I’m seeing the first signs of renewal and regeneration of spring now. The first small buds on the plum tree, some flowers on other plum trees as I walk the neighborhood. Buds and blossoms on the magnolia trees.
So, I’m thinking about renewal and regeneration. There has been much talk in the event industry in the last year, as live events have returned, about doing things differently. Organizations and companies have talked about how they will focus more on sustainability for both their events and for their organizations.
I love hearing this, and like the new buds on the trees and the signs of regeneration, I see a few signs of starting to take big actions to change behaviors, to invest in sustainable practices and to measure and report actions that are taken.
This is important because it feels like we’re at a transition point. A lot of people that have been pushing the sustainability message for a long time are nearing the ends of their careers. New people are starting to step up into leadership and this generational change makes sense.
I’m reading Yancey Strickland’s book “This Could Be Our Future” and one of the points he makes about change is that big changes are generational and can take thirty years or so. We’re at about that point in terms of when some of the early innovators started thinking about and talking about sustainability in the events industry.
Once change starts to grow it can accelerate quickly and become contagious. It’s also hard to change though when you must do the changing, but on a long timeline anything is possible. We’ve often said that sustainability is a journey, not a destination. Change is not overnight, it’s incremental and a lot of change happens over time.
It's often felt like the event and hospitality sectors have been resistant to change and have been very slow to take sustainability seriously, to integrate it into the standard practices and operations of planning and daily operations.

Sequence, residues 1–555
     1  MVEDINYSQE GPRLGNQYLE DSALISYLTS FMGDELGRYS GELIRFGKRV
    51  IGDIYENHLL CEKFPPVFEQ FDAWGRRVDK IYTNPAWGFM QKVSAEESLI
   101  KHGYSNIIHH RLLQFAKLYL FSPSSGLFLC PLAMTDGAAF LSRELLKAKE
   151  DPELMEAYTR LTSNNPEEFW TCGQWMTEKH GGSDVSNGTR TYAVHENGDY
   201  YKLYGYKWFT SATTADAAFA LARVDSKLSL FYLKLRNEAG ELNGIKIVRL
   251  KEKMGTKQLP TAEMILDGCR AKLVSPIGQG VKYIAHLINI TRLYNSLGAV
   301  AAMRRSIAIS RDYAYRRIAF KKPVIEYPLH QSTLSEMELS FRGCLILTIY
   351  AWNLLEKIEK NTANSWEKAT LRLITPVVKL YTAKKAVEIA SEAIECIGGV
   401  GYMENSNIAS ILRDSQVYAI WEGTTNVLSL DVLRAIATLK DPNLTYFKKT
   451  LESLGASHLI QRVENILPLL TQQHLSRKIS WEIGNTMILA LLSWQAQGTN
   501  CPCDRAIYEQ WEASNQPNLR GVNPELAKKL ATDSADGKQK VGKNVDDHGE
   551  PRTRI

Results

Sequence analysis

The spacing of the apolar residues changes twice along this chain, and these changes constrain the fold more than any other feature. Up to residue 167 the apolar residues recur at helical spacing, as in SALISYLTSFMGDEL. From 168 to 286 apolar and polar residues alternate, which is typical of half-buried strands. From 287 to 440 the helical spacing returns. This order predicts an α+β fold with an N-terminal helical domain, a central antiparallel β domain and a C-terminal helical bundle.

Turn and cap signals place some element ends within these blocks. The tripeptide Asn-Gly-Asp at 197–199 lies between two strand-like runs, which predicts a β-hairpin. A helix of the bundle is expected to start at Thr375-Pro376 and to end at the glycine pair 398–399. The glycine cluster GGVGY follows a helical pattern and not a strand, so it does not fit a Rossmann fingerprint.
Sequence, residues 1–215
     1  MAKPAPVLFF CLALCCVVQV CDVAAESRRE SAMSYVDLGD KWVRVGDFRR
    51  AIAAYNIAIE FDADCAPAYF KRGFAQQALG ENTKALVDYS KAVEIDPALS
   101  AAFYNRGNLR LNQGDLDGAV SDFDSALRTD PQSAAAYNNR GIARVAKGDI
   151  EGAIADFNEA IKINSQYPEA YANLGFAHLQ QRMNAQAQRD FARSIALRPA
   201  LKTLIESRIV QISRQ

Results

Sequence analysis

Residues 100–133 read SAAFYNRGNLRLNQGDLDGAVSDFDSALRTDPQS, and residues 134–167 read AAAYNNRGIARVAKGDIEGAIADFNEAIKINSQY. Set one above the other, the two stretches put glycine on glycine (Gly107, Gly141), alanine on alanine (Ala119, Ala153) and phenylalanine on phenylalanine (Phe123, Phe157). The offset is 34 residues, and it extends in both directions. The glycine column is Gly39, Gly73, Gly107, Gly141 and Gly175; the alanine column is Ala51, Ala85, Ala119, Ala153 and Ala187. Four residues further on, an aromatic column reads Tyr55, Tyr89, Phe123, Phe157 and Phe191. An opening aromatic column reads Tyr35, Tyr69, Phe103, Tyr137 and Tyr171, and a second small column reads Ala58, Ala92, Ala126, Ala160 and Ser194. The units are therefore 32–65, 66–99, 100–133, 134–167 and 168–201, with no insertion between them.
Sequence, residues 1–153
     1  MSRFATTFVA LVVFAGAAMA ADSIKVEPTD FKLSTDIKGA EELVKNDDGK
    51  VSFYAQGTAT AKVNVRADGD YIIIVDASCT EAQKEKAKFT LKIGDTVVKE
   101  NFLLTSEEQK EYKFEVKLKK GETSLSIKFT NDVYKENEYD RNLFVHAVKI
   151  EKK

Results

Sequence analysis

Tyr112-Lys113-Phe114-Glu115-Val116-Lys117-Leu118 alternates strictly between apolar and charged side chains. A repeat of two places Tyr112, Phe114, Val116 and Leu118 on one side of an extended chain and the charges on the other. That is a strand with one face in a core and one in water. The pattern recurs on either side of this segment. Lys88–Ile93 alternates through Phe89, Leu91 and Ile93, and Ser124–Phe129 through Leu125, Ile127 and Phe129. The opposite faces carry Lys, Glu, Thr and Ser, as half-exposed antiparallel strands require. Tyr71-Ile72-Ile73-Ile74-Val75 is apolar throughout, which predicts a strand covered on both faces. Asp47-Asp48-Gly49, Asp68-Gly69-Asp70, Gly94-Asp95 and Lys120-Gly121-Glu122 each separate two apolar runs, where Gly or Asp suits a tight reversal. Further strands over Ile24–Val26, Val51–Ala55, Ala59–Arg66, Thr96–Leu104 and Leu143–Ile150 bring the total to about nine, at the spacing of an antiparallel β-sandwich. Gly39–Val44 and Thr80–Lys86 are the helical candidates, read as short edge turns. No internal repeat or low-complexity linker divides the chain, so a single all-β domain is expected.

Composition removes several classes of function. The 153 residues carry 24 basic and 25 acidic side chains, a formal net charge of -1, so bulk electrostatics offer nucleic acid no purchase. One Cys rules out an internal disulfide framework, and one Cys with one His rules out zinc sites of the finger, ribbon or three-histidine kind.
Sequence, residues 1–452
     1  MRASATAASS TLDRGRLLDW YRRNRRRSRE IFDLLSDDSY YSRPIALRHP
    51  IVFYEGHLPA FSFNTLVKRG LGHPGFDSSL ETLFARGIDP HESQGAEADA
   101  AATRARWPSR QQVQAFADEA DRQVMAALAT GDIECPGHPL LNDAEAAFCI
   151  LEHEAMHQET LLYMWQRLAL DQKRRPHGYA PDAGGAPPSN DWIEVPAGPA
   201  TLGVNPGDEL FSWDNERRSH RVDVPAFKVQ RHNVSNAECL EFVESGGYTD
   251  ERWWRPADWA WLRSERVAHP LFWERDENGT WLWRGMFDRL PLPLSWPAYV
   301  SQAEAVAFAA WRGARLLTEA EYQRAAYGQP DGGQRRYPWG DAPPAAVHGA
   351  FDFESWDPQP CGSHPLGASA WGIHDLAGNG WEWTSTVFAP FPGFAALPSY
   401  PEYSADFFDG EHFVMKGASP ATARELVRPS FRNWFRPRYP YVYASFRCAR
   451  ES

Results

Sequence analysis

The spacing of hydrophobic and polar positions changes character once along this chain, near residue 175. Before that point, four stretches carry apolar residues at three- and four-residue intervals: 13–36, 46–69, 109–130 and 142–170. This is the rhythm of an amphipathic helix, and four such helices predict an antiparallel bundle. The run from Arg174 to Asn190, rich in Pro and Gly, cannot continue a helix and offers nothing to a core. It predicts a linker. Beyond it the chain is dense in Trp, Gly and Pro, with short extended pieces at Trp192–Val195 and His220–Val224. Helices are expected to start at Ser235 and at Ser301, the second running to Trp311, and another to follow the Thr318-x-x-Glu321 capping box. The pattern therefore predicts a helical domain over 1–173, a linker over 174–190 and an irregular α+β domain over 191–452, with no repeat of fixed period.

I’m not saying that nothing is being done. I know there are planners and suppliers, designers, show organizers, food and beverage managers, sustainability consultants out there working hard every day to push the message, to push past talking sustainability to taking real actions to move the event and hospitality industries to more sustainable practices.
Perhaps the good news is that the next generation of event and hospitality planners and suppliers were born after the first Earth Day and many of them have lived their entire lives with recycling programs and a focus on not wasting things. They’ve also lived their lives with the threat of climate change an ever-present topic of discussion and have seen some of the first-hand effects of climate change both environmentally and socially.
This brings me back to renewal and regeneration and where we are at this moment. Have we realized and acknowledged that the big issue and the big problem we are all tasked with is reducing our overall emissions, both individually and organizationally? As we talk about renewal and regeneration, are we taking the appropriate actions on a big enough scale to do our part as an industry to mitigate the effects of climate change and work towards a healthy planet with healthy people and an equitable economy?
“While governments and businesses have the most power to reverse climate change, perhaps the best thing we can do as individuals is to hold them accountable, dispel influential myths and shift our collective attention to the actions that matter most. Although the jury is still out on the effectiveness of throwing soup at famous artworks, we know that switching to clean energy, flying less, and adopting a plant-based diet are some of the most effective ways to help save our planet.” That’s from a recent article in the New York Times.
Those three things are likely tough and even controversial for the event and hospitality sectors, though they are not new and have been around for a few years now. It may be time for more serious discussion about them though.
I’m hoping to dive into each topic separately in coming perspectives and I’d love to hear your thoughts and stories on what you’re doing and thinking about relative to renewal and regeneration or the three topics highlighted above.
Paul Salinger has over fifteen years of experience in sustainable events, notably leading event sustainability efforts as Vice President of Marketing at Oracle and co-founding the Green Meeting Industry Council's Northern California Chapter. As a retired individual, he remains committed to advocating for event sustainability as a Board Member of SFSE.